Fires lash California wine country, fueled by wind, heat
Another round of wildfires is ripping through Northern California, forcing evacuations and casting thick smoke over the region as hot weather and high winds leave the state perilously dry.
A blaze in the wine country north of San Francisco more than quadrupled in size overnight to 11,000 acres, tearing through a region devastated by fires just three years ago. The fire, along with a second one in Shasta County, came even after PG&E Corp. cut power to about 195,000 people in an attempt to keep its electric lines from sparking blazes.
PG&E shares dropped the most in three months Monday, though the company said in an internal memo that there are no indications its equipment was involved in the fires.
Across California, more than 36,000 square miles -- an area about the size of the entire state of Indiana -- is under threat from critical fire conditions, affecting about 5.8 million people, the U.S. Storm Prediction Center said. And blazes are spreading fast, fanned by dry winds of 30 to 40 miles per hour, with gusts as high as 60 mph.
Governor Gavin Newsom urged people to heed evacuation orders and leave immediately when authorities sound the alarm.
“So many of the people that have lost their lives were just cautious in terms of taking seriously those orders,” Newsom said in a media briefing. “We really, really cannot say it enough. Please heed local law enforcement. Please listen to them when they raise that alarm bell.”
California has been battered for weeks by rounds of extreme weather that state officials say have been fueled by climate change. Last month, a record-breaking heat wave triggered the state’s first rotating power outages since the 2001 energy crisis -- and was followed just three weeks later by another one. More than 8,000 wildfires have burned a record 3.7 million acres this year, choking cities with smoke, killing at least 26 people and destroying more than 7,000 structures.
On Monday, more than 18,000 firefighters were battling 27 major blazes across the state.
Shares of PG&E -- which went bankrupt last year after its equipment ignited catastrophic fires -- fell 5.5% Monday. The company told its employees that it has no information indicating that its equipment was involved in the start of either the Glass Fire in Napa County or the Zogg Fire in Shasta County, according to the memo obtained by Bloomberg News.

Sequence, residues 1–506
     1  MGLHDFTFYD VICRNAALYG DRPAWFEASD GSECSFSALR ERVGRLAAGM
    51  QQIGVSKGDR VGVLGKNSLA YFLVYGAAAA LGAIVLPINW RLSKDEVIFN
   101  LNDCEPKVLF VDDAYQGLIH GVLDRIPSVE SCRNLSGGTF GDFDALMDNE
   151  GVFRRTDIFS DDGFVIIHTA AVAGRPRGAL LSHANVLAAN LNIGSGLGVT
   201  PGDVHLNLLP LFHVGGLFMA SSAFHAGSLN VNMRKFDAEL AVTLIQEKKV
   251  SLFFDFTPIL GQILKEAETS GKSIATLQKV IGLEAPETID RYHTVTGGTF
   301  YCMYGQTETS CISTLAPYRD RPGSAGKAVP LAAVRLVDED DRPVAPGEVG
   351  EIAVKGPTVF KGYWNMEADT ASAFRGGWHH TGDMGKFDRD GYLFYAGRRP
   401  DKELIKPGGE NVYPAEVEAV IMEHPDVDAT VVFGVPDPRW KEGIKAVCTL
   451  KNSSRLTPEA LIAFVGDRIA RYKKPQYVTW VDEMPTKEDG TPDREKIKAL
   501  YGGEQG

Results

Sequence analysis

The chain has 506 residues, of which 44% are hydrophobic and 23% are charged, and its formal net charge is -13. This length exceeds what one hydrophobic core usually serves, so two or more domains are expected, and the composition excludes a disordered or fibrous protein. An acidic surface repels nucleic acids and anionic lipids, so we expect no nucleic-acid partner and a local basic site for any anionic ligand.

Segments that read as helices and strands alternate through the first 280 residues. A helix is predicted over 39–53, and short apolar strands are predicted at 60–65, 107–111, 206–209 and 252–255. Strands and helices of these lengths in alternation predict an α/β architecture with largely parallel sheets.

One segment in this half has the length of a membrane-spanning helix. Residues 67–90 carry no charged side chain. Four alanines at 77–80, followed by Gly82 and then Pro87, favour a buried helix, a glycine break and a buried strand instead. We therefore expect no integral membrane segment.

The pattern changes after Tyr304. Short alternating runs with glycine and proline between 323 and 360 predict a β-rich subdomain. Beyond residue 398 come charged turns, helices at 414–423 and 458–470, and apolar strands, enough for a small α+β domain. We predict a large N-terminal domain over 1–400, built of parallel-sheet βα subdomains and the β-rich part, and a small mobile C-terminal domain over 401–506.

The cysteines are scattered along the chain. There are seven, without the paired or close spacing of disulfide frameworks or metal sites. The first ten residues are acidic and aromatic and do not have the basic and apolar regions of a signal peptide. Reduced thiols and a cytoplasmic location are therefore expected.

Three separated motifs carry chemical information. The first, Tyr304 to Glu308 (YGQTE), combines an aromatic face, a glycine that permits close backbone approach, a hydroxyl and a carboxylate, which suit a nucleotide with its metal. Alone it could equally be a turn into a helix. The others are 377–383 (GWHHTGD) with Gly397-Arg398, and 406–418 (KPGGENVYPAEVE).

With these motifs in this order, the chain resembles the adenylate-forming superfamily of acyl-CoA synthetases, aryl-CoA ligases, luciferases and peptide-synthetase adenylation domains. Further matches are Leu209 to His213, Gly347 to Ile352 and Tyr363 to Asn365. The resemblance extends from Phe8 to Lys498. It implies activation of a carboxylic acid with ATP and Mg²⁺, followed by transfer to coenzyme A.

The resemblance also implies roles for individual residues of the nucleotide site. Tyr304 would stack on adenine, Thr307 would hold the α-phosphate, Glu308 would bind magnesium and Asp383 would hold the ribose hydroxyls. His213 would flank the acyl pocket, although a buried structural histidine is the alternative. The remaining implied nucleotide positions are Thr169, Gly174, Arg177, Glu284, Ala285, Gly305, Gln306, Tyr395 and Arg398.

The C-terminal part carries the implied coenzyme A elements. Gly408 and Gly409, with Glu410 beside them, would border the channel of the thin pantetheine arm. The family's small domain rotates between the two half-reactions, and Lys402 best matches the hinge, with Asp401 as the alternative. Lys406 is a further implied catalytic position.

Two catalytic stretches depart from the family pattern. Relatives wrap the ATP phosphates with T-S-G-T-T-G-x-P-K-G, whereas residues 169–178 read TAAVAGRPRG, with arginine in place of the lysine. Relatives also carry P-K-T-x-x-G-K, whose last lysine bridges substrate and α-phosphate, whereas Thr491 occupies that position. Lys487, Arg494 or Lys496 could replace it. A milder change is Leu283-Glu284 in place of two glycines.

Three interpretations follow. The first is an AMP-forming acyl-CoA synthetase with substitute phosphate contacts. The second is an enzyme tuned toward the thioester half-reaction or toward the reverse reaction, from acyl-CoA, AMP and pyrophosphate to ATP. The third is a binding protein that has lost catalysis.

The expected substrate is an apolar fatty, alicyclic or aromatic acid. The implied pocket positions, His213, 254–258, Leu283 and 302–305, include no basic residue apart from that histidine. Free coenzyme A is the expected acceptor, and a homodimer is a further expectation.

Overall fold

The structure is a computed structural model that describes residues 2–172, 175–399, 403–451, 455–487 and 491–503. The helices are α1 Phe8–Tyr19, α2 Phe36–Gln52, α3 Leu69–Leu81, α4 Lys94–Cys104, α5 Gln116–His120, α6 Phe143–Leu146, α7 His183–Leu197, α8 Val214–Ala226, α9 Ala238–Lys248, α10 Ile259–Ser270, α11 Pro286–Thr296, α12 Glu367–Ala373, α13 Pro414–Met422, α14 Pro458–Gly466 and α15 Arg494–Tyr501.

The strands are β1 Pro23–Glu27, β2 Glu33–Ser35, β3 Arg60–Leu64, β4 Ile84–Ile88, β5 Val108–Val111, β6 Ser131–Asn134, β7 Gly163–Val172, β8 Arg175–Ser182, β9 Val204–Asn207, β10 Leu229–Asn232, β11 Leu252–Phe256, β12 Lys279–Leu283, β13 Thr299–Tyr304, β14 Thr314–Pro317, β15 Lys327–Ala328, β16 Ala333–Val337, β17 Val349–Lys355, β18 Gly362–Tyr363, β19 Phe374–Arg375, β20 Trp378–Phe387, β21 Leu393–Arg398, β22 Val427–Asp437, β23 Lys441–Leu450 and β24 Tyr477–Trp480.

The causes of the blazes remain under investigation.
The Napa County fire broke out early Sunday and was raging uncontrollably northeast of Santa Rosa, triggering thousands of evacuations. The area was devastated in 2017 by the Tubbs Fire, which was among the most destructive in California history.
About 180 miles north, the Zogg Fire in Shasta County has already burned 7,000 acres, prompting more evacuations. Butte County, meanwhile, issued an immediate evacuation order for some communities on Sunday due to the ongoing North Complex Fire.
Nearly half the state is under an air quality alert. Smoke from the new blazes is already reaching Bay Area cities that have been choked for weeks by bad air from blazes across the region.
While winds are forecast to ebb in Northern California late Monday, potentially giving firefighters a break, the heat will continue. High temperatures in Sacramento are expected to hit 99 degrees Fahrenheit (37 Celsius) on Monday and rise to 101 degrees by Wednesday. Los Angeles may hit 101 on Wednesday. Newsom warned that strong offshore winds could develop overnight in Southern California and said state officials are dispatching firefighters there in case blazes break out.
Utilities across the US West are increasingly cutting power ahead of wind storms to reduce the chances of their live wires igniting blazes. In Southern California, investigators are looking at a power line owned by Edison International’s Southern California Edison as part of their probe into a fire that’s burning in the mountains near Los Angeles.
PG&E began shutting off power on Sunday to parts of 16 counties. The move affected about 65,000 homes and businesses, or about 195,000 people based on the size of the average California household. The company issued an “all clear” for crews to start inspecting lines on Monday, and said it expects to restore power to “the large majority” of customers by the end of the day.
The outages were considerably smaller in scope than previous ones. Earlier this month, PG&E cut power to about 172,000 homes and businesses -- or about 516,000 people -- as high winds raked California. PG&E emerged from bankruptcy in July after settling wildfire claims for $25.5 billion.
California’s peak wildfire season traditionally runs from September through November. It has grown longer and less predictable in recent years, with blazes coming as late as December.